angelique book cover

Nothing will change the way I feel about these books. Most were written long years ago. I read the first of them when I was 13. I still have the book, though the binding is broken and the pages are beginning to turn to dust.

The first book was published in 1957 and I read it in 1960. In those days, I lived in books. I didn’t have friends. I was too different. I’ve always been out of step. Sometimes, a lot, occasionally almost catching up with my peers. But back then … I was weird.

Then I met Angelique.


The fifth child of an impoverished country nobleman, Angélique de Sancé grows up in the Poitou marshlands, a region known as the “Green Venice”, halfway between the ocean and the forests. She is a free child, as one with the forest and the marshes, discovering nature’s healing secrets with the help of the witch Mélusine. Her logical destiny would be to marry a poor country nobleman, have children and spend her life fighting for a meager subsistence.

Destiny has other plans in store for her. At 17, when she returns from the convent where she has been getting an education, she finds herself betrothed to the wealthy count of Toulouse, Joffrey de Peyrac. He is 12 years her senior, lame, scarred and rumored to be a wizard.

from the review by Harvey Adkins


Angélique’s life and adventures inspired me and gave me courage.

angelique pages book

Thus the story begins. In subsequent volumes, they will take you through most of the world of Louis XIV. Joffrey becomes the love of Angélique’s life. After he is burned at the stake for heresy (and for being too politically powerful), Angélique finds herself homeless, penniless, with babies to protect in the underworld of Paris. Yet she rises up from the gutters back to the glittering court of Louis XIV. Confronts him on the murder of her husband, rebels against him, leads a group of Huguenots to the New World. Builds a colony, fights emissaries of the church and King to retain her freedom. Along the way, she has children — from a variety of fathers, including one resulting from rape — and one is murdered.

With all the power of Crown and Church arrayed against her, Angélique finds a way through and emerges victorious. Bowed, but never beaten. Her defeats are temporary setbacks, her triumphs change the world.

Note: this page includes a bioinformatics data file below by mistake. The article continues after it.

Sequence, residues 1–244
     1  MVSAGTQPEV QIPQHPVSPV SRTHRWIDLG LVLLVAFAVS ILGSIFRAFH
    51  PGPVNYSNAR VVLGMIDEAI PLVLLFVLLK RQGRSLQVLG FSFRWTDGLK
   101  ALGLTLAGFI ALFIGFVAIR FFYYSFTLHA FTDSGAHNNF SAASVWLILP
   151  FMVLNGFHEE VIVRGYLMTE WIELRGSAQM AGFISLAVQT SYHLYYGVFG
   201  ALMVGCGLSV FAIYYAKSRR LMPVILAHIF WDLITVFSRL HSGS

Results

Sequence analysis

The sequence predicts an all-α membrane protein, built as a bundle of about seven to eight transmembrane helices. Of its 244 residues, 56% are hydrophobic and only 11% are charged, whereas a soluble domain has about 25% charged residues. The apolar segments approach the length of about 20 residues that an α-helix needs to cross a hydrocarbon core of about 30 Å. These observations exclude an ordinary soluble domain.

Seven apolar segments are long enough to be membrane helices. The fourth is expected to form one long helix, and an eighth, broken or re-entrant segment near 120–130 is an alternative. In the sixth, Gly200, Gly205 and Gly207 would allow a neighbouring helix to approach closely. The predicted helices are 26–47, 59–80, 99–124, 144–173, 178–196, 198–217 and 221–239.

She is deathlessly beautiful. If you are a woman taking on the world, it’s never bad to have golden hair and hypnotic green eyes. But Angélique doesn’t win the day using sex. When she leads, she carries a gun and a sword. She will kill in defense of her own (and does). She will fight for her family, her home, her beliefs.

She became much more than a fictional character to me. At a time when female role models were few and far between, Angélique was fearless. Unstoppable. No simpering lady of fashion, she was tough. Smart. She suffered the worst life could dish out. She faced down unspeakable challenges. And there were casualties.

Back in the real world, author Anne Golan was fighting her publisher for the rights to her books.

Anne Golon was born 17 December 1921 as Simone Changeux in Toulon, France. She published her first novel at 18 as Joëlle Danterne. During World War II, she traveled by bicycle through France and Spain writing under various pen-names. She helped create France Magazine. Was sent to Africa as a journalist, where she met Vsevolod Sergeïvich Goloubinoff, her husband, Serge Golon.

angelique french editionThey collaborated on Angélique. Anne wrote. Serge did the considerable research required by these surprisingly accurate books. The first book in the series was an astounding success. The books were credited to Serge and Anne Golon, (Sergeanne Golon), the names having been merged by publishers who were reluctant to print books written by women.

In 1972, Anne and Serge Golon went to Canada to continue research. Anne wrote Angélique and the Ghosts. Serge died.

Anne continued writing and raising her 4 children. Between 1972 and 1985, she wrote four more books. While battling Hachette for unpaid royalties and rights, Anne Golon lived in extreme poverty. She finally won, leaving her sole owner of the works.

These are the books which were translated into English:

Angélique, The Marquise of the Angels
Angélique: The Road to Versailles (US and the UK with the 1st volume, Angélique)
Angélique and the King
Angélique and the Sultan (aka, Angélique in Barbary)
Angélique in Revolt
Angélique in Love
The Countess Angélique
The Temptation of Angélique (In Canada as: The Temptation of Angélique 1: The Jesuit Trap, The Temptation of Angélique 2: The Downfall of Goldbeard)